English Department E-News - March 20, 2018

March 20, 2018


In this Issue:

Please note: ** indicates NEW announcements

Honors and Awards:



To add events to your calendar, please click on the  icon at the end of each listing.

Events This Week:

Events This Month:

Future Events:

Program Newsletters and Event Calendars:

Event Listings by Program:

Funding Opportunities:

Call for Papers (sorted by deadline):

Important Policies and Notices:

Crisis and Emergency - Faculty and Staff Guide for Helping Distressed Students

Sexual Misconduct and Discrimination Policy

Faculty and Staff Response to Student Injury

Active Shooter Response

English Department Resources


Campaign-Related Activities on Campus Policy


As we approach the general election on November 8th, we write to provide a reminder of University guidance regarding permissible political campaign-related activities on campus. 

Because the University encourages freedom of expression, political activities that do not reasonably imply University involvement or identification may be undertaken so long as regular University procedures are followed for use of facilities and for conduct by faculty and staff in their official University capacities. Guidelines for student activities are also provided here.

The enclosed memo details University guidelines, and offers resources for use by our community. Please review it and distribute it to your faculty and staff members, as appropriate.

Thank you,

Geovette Washington, Senior Vice Chancellor and Chief Legal Officer
Paul A. Supowitz, Vice Chancellor for Community and Governmental Relations

http://www.universityannouncements.pitt.edu/Campaign-Related Activities Memo.pdf

For more information about Read Green, please visit http://technology.pitt.edu/readgreen

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Sexual Misconduct and Discrimination Policy

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Faculty and Staff Response to Student Injury

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Active Shooter Response

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Honors and Awards

We are proud to announce the scholarship recipients of the Nationality Rooms Summer Study Abroad Scholarships. They will represent your school and the University of Pittsburgh abroad in the most positive way.  Congratulations to your student(s) and the Department of English!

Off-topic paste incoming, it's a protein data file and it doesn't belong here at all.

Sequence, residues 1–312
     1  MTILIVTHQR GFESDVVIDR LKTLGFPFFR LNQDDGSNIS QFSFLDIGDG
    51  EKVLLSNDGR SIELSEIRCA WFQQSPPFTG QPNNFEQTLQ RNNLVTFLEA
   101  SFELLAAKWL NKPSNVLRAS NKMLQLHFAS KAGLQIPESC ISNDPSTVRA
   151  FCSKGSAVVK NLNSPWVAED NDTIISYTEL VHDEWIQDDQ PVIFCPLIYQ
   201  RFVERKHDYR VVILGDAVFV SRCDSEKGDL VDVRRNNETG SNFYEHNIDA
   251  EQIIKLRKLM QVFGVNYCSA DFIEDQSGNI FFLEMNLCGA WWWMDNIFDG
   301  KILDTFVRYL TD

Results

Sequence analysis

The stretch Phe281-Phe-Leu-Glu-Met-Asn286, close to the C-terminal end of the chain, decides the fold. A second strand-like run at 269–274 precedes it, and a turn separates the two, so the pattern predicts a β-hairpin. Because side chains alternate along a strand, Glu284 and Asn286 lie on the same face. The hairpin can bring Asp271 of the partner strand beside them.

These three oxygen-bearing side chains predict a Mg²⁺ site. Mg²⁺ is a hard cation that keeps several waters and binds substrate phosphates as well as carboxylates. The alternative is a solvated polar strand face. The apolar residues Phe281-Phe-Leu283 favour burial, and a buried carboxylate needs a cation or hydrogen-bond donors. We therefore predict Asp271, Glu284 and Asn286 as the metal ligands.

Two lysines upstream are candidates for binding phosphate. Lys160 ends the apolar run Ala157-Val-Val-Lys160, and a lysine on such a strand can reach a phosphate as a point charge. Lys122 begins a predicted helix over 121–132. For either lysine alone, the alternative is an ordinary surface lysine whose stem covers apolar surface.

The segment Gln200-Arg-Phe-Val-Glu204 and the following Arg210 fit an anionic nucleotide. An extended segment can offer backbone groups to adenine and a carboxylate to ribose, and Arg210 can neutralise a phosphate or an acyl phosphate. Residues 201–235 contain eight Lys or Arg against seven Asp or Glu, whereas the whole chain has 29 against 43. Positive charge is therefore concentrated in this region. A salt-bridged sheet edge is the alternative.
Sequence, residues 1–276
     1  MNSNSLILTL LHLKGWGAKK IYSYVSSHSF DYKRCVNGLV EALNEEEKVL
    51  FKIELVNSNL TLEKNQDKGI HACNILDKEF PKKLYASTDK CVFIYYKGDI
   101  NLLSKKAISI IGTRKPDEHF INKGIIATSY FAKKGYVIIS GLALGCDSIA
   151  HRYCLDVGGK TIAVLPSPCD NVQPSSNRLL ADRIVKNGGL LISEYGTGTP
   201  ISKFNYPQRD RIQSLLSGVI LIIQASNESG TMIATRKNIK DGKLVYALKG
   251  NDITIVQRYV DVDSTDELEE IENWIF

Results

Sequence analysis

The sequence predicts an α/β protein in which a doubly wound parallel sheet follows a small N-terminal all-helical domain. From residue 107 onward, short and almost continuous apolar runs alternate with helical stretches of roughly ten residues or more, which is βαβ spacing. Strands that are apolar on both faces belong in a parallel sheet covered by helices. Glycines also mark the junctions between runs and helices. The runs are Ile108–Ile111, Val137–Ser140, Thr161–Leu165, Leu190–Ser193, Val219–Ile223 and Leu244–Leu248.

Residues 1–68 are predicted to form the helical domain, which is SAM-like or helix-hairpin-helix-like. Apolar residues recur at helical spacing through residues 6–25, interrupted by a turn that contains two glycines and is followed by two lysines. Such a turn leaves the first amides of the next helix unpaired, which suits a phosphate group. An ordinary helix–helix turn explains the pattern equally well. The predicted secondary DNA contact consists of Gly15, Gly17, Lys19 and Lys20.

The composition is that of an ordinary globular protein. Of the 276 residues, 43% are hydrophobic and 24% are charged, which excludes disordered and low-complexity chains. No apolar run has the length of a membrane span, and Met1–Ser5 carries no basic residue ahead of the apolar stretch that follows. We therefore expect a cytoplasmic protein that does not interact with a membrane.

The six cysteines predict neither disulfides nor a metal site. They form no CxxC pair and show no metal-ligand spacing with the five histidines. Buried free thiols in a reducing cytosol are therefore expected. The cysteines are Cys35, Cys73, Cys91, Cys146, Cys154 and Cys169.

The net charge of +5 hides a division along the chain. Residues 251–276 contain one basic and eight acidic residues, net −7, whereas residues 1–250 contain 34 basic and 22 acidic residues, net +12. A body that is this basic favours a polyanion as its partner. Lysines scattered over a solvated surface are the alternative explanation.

Kent Kosack, graduate (Various locations, Japan) – Dr. & Mrs. Ryonosuke Shiono Scholarship $2500

Mary Katherine Koenig, undergraduate (Dublin, Ireland) – John F. Kennedy Scholarship/ Irish Room Committee $4000



Nationality Rooms and Intercultural Exchange Programs

University of Pittsburgh | University Center for International Studies

1209 Cathedral of Learning | 4200 Fifth Avenue | Pittsburgh, PA 15260

412-624-6150 | NRIEP@pitt.edu

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I am pleased to announce the launch of the Hillman Equipment Collection on February 26, 2018.  This collection of audio and video equipment is open to any student, staff, or faculty member with a Pitt ID.

Other than the roster system, this new collection largely follows the same policies and procedures as the reserve collection that you are familiar with.  All items are first come first served and have a three-day loan period with no renewals.

We are hoping that this collection will inspire Pitt colleagues to be creative and try new things.

We have handouts that we are distributing in Hillman, and I would be happy to send some your way if you often get students asking about equipment access.

New Items!

  • Logitech Conference Call Station x2
  • Hero 5 Go Pro (with optional selfie stick) x5
  • Stream Capture Card x5
  • Zoom Audio Recording Kit
  • Tascam Audio Recording Kit
  • Podcasting Kit- (Yeti Blackout Condenser Microphone) x5
  • G7H Digital Camera Kit x5
  • Magnus Tripod x5
  • Vlogging Kit- (Panasonic DMC-LX10 Camera) x5
  • Dracast Lighting Kit x2
  • Portable Projector x5

If you have any questions, please do not hesitate to reach out. ULS-HillmanEquipmentRoom@pitt.edu




Abby Jacobsen, MLIS

Hillman Library Equipment Room Coordinator

Library Senior Specialist
Research and Educational Support

G2- Hillman Library

University of Pittsburgh

Phone: (412) 648-7725

Email: AbigailJ@pitt.edu


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Careers in Community Organizing for Social Justice

The Direct Action & Research Training (DART) Center will hold an online information session on Tuesday, April 3 at 7 pm eastern to discuss careers in community organizing with Pitt students and alumni interested in uniting congregations and working for social, economic and racial justice.

RSVP at www.thedartcenter.org/Pitt

DART hires and trains organizers to build organizations that have successfully addressed issues including:

* Plugging the school-to-prison pipeline
* Reining in predatory lending practices
* Expanding access to primary health and dental care
* Prioritizing funding for affordable housing and job training
* Improving low-performing public schools
* Fighting for immigrants' rights

Positions start August 13, 2018 in Knoxville, TN, Charleston, SC, Lexington, KY, Louisville, KY, Lawrence, KS, and St. Petersburg, Tampa, West Palm Beach, Miami and Ft. Lauderdale, FL.

Starting salary $34,000/year + benefits.

Although it may be helpful, no prior organizing experience is necessary. Fluent Spanish speakers are encouraged to apply.

To find out more about DART or to apply, we encourage you to visit www.thedartcenter.org. Still have questions? Contact Hannah Wittmer at hannah@thedartcenter.org or (202) 841-0353.